Behold the list of “Best books I read in of 2016”!
This year my reading was all about reducing the number of unread books on my shelves. I smashed my reading goal of 60 books – 68 books and counting! – and made a good dent in the list, but the project isn’t complete and will probably continue into 2017.
I couldn’t pick an overall winner for “best book” this year – not even a tie! – and most sections have more than one book listed. I really struggled to trim this list which is, honestly, the worst-best problem to have with books.
You can check out every book I read this year and my reviews here.
I don’t even know why I picked this book up. Well, I do, it’s big and by a well-known author and was $2 from a used book shop. Two dollars, people! This is exactly the attitude that meant my book buying ban had to be enforced at the start of this year.
I’ve tried to get into Abercrombie twice in the past and failed. I found his world too gritty, his characters unlikable and the plot too hard to spot from the start and give me something to care about. I thought he wasn’t a writer for me. Except, you know, when I find his books for $2. I really expected to start the year strong with this one – in that I’d be able to read a few chapters, decide it wasn’t for me, and – boom! – one less book to read on the shelf.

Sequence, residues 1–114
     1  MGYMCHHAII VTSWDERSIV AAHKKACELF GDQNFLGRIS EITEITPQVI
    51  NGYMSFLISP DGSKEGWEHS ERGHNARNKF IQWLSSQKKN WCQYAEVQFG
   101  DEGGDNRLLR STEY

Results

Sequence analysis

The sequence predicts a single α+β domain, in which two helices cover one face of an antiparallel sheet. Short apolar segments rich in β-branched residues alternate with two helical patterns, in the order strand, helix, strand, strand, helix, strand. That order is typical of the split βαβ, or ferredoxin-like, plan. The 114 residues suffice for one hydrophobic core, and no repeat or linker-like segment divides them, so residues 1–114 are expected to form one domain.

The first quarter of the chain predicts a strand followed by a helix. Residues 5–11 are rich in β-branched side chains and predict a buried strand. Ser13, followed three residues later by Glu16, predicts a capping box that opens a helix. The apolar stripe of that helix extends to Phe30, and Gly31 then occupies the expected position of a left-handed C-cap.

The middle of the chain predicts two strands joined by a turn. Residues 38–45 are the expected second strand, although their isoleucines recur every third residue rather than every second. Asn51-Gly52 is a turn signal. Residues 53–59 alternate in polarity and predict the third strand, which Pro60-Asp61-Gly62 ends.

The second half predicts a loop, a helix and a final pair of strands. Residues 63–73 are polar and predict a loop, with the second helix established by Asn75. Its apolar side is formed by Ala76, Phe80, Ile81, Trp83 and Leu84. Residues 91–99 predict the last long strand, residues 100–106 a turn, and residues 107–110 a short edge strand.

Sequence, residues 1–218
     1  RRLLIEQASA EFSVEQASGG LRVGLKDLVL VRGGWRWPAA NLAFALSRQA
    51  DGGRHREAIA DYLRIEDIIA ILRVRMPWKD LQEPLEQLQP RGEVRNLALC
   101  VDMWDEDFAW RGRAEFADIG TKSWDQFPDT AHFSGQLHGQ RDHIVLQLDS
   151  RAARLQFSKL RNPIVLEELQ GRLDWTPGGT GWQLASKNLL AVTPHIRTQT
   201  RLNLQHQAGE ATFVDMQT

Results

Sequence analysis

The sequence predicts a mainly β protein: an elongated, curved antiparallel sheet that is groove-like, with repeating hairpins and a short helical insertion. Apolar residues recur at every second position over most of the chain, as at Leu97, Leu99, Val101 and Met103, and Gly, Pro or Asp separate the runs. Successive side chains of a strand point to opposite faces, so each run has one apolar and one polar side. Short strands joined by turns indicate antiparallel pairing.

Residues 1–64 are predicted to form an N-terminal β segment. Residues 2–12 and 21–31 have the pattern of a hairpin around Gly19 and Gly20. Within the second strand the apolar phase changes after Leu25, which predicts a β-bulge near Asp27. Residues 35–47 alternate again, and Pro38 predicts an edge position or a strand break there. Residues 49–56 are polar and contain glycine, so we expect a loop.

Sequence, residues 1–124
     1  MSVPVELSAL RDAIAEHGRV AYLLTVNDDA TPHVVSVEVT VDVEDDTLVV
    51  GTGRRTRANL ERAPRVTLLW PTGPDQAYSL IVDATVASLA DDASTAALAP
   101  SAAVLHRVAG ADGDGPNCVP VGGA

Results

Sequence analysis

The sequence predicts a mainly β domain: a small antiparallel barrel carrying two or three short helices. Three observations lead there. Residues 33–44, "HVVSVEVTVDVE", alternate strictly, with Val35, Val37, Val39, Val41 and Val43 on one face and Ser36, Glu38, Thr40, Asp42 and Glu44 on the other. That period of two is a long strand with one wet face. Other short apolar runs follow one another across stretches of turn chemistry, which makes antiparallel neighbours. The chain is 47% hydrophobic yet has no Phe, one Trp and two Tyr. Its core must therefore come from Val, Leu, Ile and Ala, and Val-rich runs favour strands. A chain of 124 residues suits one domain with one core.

I was very, very wrong and I owe Mr Abercrombie an apology in the form of buying my way through his back catalogue over the next few years.
It’s a simple premise, one forty-eight-hour battle, three perspectives. The characterisation makes this book, I loved and hated all of them. They were complex and flawed and real, they had motivations and goals, internal and external motivations. The war wasn’t glossed over – there was glory and futility and horror in equal measure.
The pacing was exquisite, the action sequences masterful and the character development was perfect. It was all so good.
I’ve been plugging this book to everyone all year, but it tends to get dismissed as boring, unoriginal or not compelling. It is none of these things.
Reading Abercrombie’s previous books wasn’t required to understand and get into this one, though I’m sure I missed a lot of shout-outs readers of his other work would have noted.